According to the report, there is about 85% chance that the year will be the second warmest.
According to data released this week by the National Oceanic and Atmospheric Administration, this year is increasingly becoming the second or third warmest calendar year on the planet since the start of temperature data collection in 1880.
This reflects the growing influence of long-term anthropogenic global warming and is particularly noteworthy because this year there was no strong El Nino in the tropical Pacific. Such events are usually associated with the hottest years, as they increase the global temperature of the ocean and add a large amount of heat to the atmosphere through the Pacific Ocean, the largest in the world.
According to a new report released on Monday, the probability that this year will be the second warmest in the NOAA dataset is about 85%, and the probability that it will drop to No. 3. In general, although this is practically accurate (the probability that 2019 will be in the top five warmest years for the entire globe, exceeding 99%.
NOAA found that the average global land and ocean surface temperature in October was 1.76 degrees (0.98 degrees Celsius) higher than the average level of the 20th century, only 0.11 degrees from the record-warm October set in 2015 year.
It is noteworthy that the 10 warmest October days have occurred since 2003, and the five warmest such months since 2015.
October 2019 was the 43rd to October in a row to be warmer than the average in the 20th century, and the 418th month in a row warmer than the average. This means that any person under the age of 38 has not experienced a year steeper than the global average.
This year, global land and ocean temperatures rose 1.69 degrees (0.94 degrees Celsius) above the 20th century average, only 0.16 degrees lower than the record-warm year set in 2016, set in NOAA.
Other agencies that track global temperatures may estimate 2019 a little differently than NOAA, although their overall data is likely to be similar. NASA, for example, interpolates temperatures across a disparate Arctic, suggesting that temperatures in the region are similar to their closest observation point. NOAA, on the other hand, leaves part of the Arctic outside its data.
Given that the Arctic is heating more than twice as fast as in the rest of the world, this means that NOAA data can slightly underestimate global temperatures, although this will not be much.
As an illustration of the differences that might arise between monitoring agencies, the European Union's Climate Change Service, Copernicus, rated October as the hottest such month on Earth, slightly ahead of October 2016. On the other hand, NASA and NOAA took second place on their October lists,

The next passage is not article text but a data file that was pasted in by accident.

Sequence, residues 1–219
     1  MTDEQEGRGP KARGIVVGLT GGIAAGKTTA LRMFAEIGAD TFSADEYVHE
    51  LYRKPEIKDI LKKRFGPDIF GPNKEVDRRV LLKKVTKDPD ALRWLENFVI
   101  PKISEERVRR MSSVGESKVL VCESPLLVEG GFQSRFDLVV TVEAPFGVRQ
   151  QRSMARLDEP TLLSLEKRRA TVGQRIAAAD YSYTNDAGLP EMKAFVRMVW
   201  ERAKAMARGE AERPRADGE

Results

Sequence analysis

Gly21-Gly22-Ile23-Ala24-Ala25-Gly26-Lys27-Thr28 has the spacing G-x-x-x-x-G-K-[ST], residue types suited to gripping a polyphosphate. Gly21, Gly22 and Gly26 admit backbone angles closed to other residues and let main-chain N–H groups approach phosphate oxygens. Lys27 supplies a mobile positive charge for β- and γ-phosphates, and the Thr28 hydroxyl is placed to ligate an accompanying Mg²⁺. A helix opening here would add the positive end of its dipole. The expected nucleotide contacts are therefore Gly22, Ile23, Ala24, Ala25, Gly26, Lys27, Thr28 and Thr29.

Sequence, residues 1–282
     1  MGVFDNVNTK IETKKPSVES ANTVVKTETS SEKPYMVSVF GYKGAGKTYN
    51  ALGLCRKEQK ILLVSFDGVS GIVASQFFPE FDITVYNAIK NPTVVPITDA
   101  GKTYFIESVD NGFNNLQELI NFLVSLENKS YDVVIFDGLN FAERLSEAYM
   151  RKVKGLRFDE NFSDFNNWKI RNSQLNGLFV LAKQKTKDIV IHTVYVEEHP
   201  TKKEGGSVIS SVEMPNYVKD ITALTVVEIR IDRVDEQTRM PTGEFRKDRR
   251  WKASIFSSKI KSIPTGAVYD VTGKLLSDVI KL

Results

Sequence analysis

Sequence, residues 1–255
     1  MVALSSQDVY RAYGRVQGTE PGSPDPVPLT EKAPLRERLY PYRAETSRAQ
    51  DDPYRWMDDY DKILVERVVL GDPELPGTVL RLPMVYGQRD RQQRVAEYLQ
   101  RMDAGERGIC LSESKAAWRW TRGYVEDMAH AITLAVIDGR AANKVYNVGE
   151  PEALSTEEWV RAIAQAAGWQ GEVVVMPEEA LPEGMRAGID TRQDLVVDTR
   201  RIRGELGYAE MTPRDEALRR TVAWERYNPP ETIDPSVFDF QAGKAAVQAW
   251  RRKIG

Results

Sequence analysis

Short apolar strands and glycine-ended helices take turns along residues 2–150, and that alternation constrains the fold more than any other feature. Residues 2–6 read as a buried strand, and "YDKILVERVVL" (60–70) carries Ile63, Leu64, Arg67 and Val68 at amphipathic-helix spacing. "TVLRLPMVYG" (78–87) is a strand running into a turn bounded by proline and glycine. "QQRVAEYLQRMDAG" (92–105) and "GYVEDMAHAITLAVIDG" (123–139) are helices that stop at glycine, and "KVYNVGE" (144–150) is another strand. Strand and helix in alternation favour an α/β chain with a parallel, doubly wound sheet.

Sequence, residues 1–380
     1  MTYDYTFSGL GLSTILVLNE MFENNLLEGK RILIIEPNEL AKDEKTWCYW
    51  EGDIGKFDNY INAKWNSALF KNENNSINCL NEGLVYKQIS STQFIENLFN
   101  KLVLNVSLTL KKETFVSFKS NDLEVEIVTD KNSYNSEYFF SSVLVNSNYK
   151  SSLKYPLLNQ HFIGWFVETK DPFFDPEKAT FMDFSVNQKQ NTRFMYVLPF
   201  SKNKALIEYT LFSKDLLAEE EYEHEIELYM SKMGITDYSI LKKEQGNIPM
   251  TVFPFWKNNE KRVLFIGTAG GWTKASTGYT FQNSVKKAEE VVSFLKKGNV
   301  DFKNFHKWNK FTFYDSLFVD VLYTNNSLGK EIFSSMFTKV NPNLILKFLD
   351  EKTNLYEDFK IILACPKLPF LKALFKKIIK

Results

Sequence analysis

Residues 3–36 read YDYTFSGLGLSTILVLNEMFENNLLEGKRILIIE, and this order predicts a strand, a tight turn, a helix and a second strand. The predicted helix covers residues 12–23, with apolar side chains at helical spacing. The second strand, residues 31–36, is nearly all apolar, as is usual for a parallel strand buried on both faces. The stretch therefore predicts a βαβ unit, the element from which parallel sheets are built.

Copernicus uses computer-simulated data to monitor the planet’s climate in near real time compared to ground-based weather stations that NASA and NOAA rely on, which can be prone to errors due to their exact location and other problems. However, both agencies are working on adjusting their records to resolve such issues.
In the end, what’s important is the long-term trend for many years and decades, and it shows a clear, sharp leap, which, as scientists have shown, can only be explained by an increase in the amount of greenhouse gases, such as carbon dioxide, into the atmosphere.
Human activities, namely the burning of fossil fuels, such as coal and oil, for energy production, are the main sources of greenhouse gases.
According to NOAA, record-high warm October temperatures existed in different parts of the northern and western Pacific Ocean, northeastern Canada, as well as in different parts of the South Atlantic, Africa, Europe, the Middle East, Indian Ocean and South America.
The only region with a record low temperature for the month was in the western United States, where most of the Rockies were record cold for a month. Interestingly, despite the absence of declared El Nino in the tropical Pacific Ocean, global average sea surface temperatures took second place in history in record months, being less than one tenth of a degree after the record year of 2016 when an intense El Nino event was observed.
The oceans absorb the vast majority of the additional heat injected into the climate system due to the accumulation of greenhouse gases, while the heat content measured below the surface reaches record levels.
(With the exception of the headline, this story was not edited by NDTV staff and is published from a syndicated channel.)
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